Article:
Do dehumidifiers dry clothes effectively? Why they could be a good option this winter

white dehumidifier in utility room with wet washing hanging
The Dimplex EverDri14EL Dehumidifier is so quiet it is Quiet Mark certified. (Image credit: Dimplex/Quiet Mark (UK))

Do dehumidifiers dry clothes? This is a really common question these days, with energy costs and household bills at the forefront of many people's minds.

Now that our outdoor washing lines are being packed away for winter, the most obvious way to get clothes dry fast is to turn to our trusty tumble dryers — but handy though they are, they can also be notoriously energy hungry.

This has led to a rise in people looking for alternative ways to dry wet clothes — and given that dehumidifier running costs are relatively low, using these appliances is a method that many people are considering. 

So, can this type of appliance be used for this purpose or should they be reserved for keeping condensation and damp at bay?

How do dehumidifiers dry clothes?

We have some good news here — dehumidifiers are not just for dealing with window condensation, you can use a dehumidifier to dry clothes too. Even better, this can be far cheaper than using your tumble dryer.

That said, some dehumidifiers are more effective at drying clothes than others so it is important to check out the various functions of the models you are interested in before buying. 

Compression (or refrigeration) dehumidifiers work by taking in air from a room and passing it over a refrigerated coil. On meeting this colder surface, moisture in the air condenses and is then collected in a tank within the unit. The air is then reheated and expelled back into the room at the required humidity level. 

Although they are generally purchased in order to reduce condensation, the fact that they can reduce moisture in a room and project warm, dry air, means they work as a clothes drying measure too. 

You should look for a dehumidifier with a 'laundry mode' or 'clothes drying mode.' On these settings, a dehumidifier will work to filter out moisture and blow it back out at a warmer temperature, running on the highest fan speed and lowering the relative humidity to around 40%.

In order to get the most out of the dehumidifier on this setting, it is wise to close the door of the room and place the unit close to where the clothes are hanging. 

Is a dehumidifier cheaper to run than a tumble dryer?

In short, yes, dehumidifier running costs are less than those for tumble dryers. That said, they can take much longer to dry clothes.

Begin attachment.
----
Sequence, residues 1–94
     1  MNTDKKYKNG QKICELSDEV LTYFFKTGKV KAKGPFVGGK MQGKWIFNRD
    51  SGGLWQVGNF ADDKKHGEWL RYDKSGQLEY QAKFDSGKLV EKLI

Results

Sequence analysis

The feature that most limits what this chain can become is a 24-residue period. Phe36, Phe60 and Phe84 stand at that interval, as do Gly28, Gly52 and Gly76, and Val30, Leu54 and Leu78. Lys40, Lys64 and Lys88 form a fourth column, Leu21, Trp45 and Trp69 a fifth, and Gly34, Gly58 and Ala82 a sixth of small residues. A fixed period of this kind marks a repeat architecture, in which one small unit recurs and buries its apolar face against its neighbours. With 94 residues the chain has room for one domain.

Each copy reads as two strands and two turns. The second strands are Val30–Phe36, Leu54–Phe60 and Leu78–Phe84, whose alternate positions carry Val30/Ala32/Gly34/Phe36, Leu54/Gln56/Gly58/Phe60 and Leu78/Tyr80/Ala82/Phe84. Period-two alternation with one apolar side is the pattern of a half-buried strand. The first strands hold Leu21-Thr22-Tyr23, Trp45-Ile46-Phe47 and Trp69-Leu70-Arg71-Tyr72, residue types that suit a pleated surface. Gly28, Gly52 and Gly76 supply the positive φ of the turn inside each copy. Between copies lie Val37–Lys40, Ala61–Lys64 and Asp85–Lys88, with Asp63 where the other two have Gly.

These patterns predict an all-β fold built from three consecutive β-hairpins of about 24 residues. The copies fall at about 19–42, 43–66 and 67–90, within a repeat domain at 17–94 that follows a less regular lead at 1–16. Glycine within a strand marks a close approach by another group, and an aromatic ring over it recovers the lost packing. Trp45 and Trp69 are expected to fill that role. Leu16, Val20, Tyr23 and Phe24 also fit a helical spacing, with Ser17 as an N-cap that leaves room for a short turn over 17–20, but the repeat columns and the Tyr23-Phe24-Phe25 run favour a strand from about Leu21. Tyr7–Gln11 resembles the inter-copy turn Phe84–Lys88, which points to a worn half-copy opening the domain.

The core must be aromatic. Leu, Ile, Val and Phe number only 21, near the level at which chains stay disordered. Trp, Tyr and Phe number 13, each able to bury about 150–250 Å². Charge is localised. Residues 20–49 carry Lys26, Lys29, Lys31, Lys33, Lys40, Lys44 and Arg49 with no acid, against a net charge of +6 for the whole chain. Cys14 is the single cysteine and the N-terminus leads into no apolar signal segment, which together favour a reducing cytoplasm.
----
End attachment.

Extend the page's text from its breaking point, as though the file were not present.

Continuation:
When looking at dehumidifier running costs, you need to look at the model's power rating and how much you pay for electricity per kWh. From October 2022, following the energy price guarantee, the national average price of electricity will be 34p/kWh.

Dehumidifiers are rated in Watts (W) — the higher the power, the more energy it uses. So, a model with a power consumption of 151 watts would cost 5p per hour to run — based on the calculation 0.151kWh x 34p = 5p per hour.

A model with a wattage of 400W would cost 13.2p per hour.

The cost of running a tumble dryer is usually calculated per cycle — and an average cycle tends to take around an hour. Vented and condenser tumble dryers cost around £1.70 - £1.80 per cycle (heat pump tumble dryers are far cheaper to run) which means that if you use yours twice a week, you will currently be facing bills of around £176 - £187 a year.

That said a heat pump tumble dryer are cheaper to run and could cost less than half the cost of running a vented or condenser tumble dryer.

washing machine and tumble dryer in kitchen

Vented and condenser tumble dryers are more expensive to run than dehumidifiers. Heat pump models, such as the Fisher & Paykel Heat Pump Dryer DH9060FS1 shown here, are not as expensive as other types of tumble dryer to run. (Image credit: Fisher & Paykel)

How long does a dehumidifier take to dry clothes?

While it is certainly much cheaper to use a dehumidifier to dry clothes than it is to run the tumble dryer, it will take longer to get the same results — perhaps up to five or more hours on average. Factor this when looking at running costs.

That said, it is important to weigh up the other benefits of using a dehumidifier to dry your laundry, other than costs. These can include:

  • Reduced condensation: At the same time as drying your clothes, the moisture produced will be being dealt with by the dehumidifier.
  • Additional heating: The heat produced by desiccant dehumidifiers can be used to warm up your home meaning less reliance on other heating methods.
  • Less risk of damp or mould: Wet clothes hanging around can result in damp patches on walls — not so when using a dehumidifier to dry them as excess moisture is whisked away.
Natasha Brinsmead

Natasha is Homebuilding & Renovating’s Associate Content Editor and has been a member of the team for over two decades. An experienced journalist and renovation expert, she has written for a number of homes titles. Over the years Natasha has renovated and carried out a side extension to a Victorian terrace. She is currently living in the rural Edwardian cottage she renovated and extended on a largely DIY basis, living on site for the duration of the project. She is now looking for her next project — something which is proving far harder than she thought it would be.